BOA Annual Congress 2013 – ICC Birmingham – 1 – 4 October
Free registration (courtesy of the past-Treasurer, John Timperley), Specialist Society involvement centre-stage, revalidation, accreditation, instructional courses for trainees and a radical rethink on format. Did they work? David Stanley deserves credit for accepting and shaping these ambitious hopes from the many who contributed to this year’s BOA Annual Congress – Birmingham 2013.
Tuesday dawned, nominally a pre-meeting session traditionally not well attended. Inspired programming and excellent presentations (Infection, Technology in education, GP interface sessions and the BJJ session) were all attended by record numbers, indeed some sessions were heavily oversubscribed with secondary feeds to other halls installed at short notice. Portents of things to come.
The “Official” opening day saw more excellent revalidation/instructional sessions across trauma and orthopaedics that were extremely well attended. The Medico-legal Practice forum was grossly oversubscribed; ironically some attendees unable to gain access for Health and Safety reasons! A position that always goes down well with Orthopaedic Surgeons. Trauma Boot Camp introduced a new format starting with the upper limb and BESS completed an outstanding instructional day.
As usual, the plenary lectures were diamond gems – James Stiehl on ligament balancing (Adrian Henry Lecture), Bob Barrack on DVT prophylaxis (Charnley lecture), Henrik Malchau on implant selection (Presidential Guest lecture) and Jimmy Hutchison on mortality (Walter Mercer Lecture). Howard Steel will be very happy! His eponymous lecture by Mark Stevenson (not a futurologist!) proved inspirational; creating a buzz over lunch which has not been present for many years! I now know why I have been angry since I was 35.
“An Interview with Keith Willett”, our very own NHS England National Director, introduced a new live interview format. Professor Willett’s account of his elevation to this position was enlightening. Trauma and Orthopaedics now appears well represented at high levels but others should consider putting themselves forward to ensure succession planning. Influence is all. Peter Kay (NHS England Clinical Director for Musculoskeletal Services) presented a key plenary lecture entitled “Innovation and Safety – Who Should be Responsible?” – thought provoking and challenging as one would expect from a BOA Past-President.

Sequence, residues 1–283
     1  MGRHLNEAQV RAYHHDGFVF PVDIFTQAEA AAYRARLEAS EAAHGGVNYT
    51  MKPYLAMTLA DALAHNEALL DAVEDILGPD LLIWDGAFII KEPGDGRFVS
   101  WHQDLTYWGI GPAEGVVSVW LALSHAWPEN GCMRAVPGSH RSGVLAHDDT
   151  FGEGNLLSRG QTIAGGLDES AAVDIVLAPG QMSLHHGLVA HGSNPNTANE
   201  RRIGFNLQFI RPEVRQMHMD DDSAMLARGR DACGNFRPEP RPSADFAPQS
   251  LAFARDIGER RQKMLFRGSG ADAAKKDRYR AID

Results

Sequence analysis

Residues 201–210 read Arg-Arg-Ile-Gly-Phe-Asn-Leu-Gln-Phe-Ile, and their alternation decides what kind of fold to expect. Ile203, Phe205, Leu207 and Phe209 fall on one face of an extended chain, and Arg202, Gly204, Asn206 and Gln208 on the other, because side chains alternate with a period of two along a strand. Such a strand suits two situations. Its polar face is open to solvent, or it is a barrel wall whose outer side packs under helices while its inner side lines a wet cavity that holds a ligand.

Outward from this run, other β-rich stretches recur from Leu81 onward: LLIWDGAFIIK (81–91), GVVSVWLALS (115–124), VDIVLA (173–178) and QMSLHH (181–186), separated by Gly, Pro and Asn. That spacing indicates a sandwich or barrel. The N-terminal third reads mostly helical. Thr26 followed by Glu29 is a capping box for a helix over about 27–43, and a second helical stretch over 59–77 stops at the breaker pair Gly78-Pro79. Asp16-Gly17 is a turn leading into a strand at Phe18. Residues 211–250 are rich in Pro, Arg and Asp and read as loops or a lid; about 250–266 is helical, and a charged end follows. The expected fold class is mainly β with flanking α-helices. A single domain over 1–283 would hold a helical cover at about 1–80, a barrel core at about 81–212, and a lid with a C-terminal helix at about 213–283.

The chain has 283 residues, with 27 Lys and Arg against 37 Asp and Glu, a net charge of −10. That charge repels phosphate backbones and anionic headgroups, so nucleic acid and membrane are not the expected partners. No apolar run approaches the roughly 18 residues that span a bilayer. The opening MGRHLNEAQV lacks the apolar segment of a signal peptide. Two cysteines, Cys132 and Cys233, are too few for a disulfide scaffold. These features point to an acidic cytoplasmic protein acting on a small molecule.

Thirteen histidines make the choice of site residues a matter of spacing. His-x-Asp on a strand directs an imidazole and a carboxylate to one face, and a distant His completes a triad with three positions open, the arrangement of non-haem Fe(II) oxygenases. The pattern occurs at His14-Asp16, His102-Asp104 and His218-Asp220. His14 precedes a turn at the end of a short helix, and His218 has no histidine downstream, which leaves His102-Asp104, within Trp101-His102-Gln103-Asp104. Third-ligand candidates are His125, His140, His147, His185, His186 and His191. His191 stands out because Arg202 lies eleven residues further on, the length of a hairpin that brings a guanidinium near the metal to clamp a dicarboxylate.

The NJR session on Thursday, proved a lively and topical session with the recent publication of surgeon specific 90 day mortality figures. Concerns were expressed about the reliability of data in the public domain and the crude way that it has been portrayed in the media. There was a very lively Q and A session. Following the specialty led theme there was an excellent all day instructional course provided by BOFAS which included the Judith Baumhauer Evidence Vs Anecdote (Naughton Dunn lecture). This included the observation that Naughton Dunn may have been the first to advocate PROMS. Basic Science, Trauma, BSCOS, BLRS and Spinal fora together with several free paper sessions, including the Best of the Best provided a balanced choice of knowledge for all on the day. BOTA tried to help the plight of new consultants and the Training Programme Directors had a closed session. Should we know what they were up to?
Trauma Bootcamp sections were completed on Friday. The rolling programme and punchy format was very well received by all. The short, sharp, authoritative messages were particularly useful for those preparing for the FRCS (Tr/Orth) (as well as those of us trying to stay current). The session on Good Clinical Practice in research was well received. The Clinical Examination Course for FRCS Orth, unfortunately heavily over-subscribed was a resounding success – book early next time! There were excellent sessions presented by the Patient Liaison Group (PLG) and ARMA, both of which sparked lively debate, CAOS, BODS and WOC. ARUK presented a Young Investigators Award. Prior to the Closing Ceremony there was a lively discussion entitled “Putting Leadership into Action: Perspectives from T&O”. The Closing Ceremony marked Martyn Porter completing his year as BOA President, and handing the baton on to Prof Tim Briggs.
The Congress Dinner was held at the Jam House – a very different setting with good food, music and dancing, all much less formal. This was a very enjoyable change. There was a definite happy hubbub throughout the meeting, or was that networking?
Did congress achieve David Stanley’s ambitious dreams… and how!
• Largest turnout ever, over 2000 registrations.
• Specialty led sessions well attended to the end
• Instructional sessions packed
• Short courses oversubscribed
• New formats successful
• Revalidation ticked (at least in part)
• Even Industry were happy!
The BOA team are to be congratulated in almost achieving the impossible, coping with twice as many as were expected and yet still managing to smile! Yes there were things that will need to change but the overwhelming atmosphere was the hullabaloo of success.
As our new President Prof Tim Briggs said. “We are much stronger together than divided”.
BOA Trustee/Council Member
Vice Chairman BOA PLG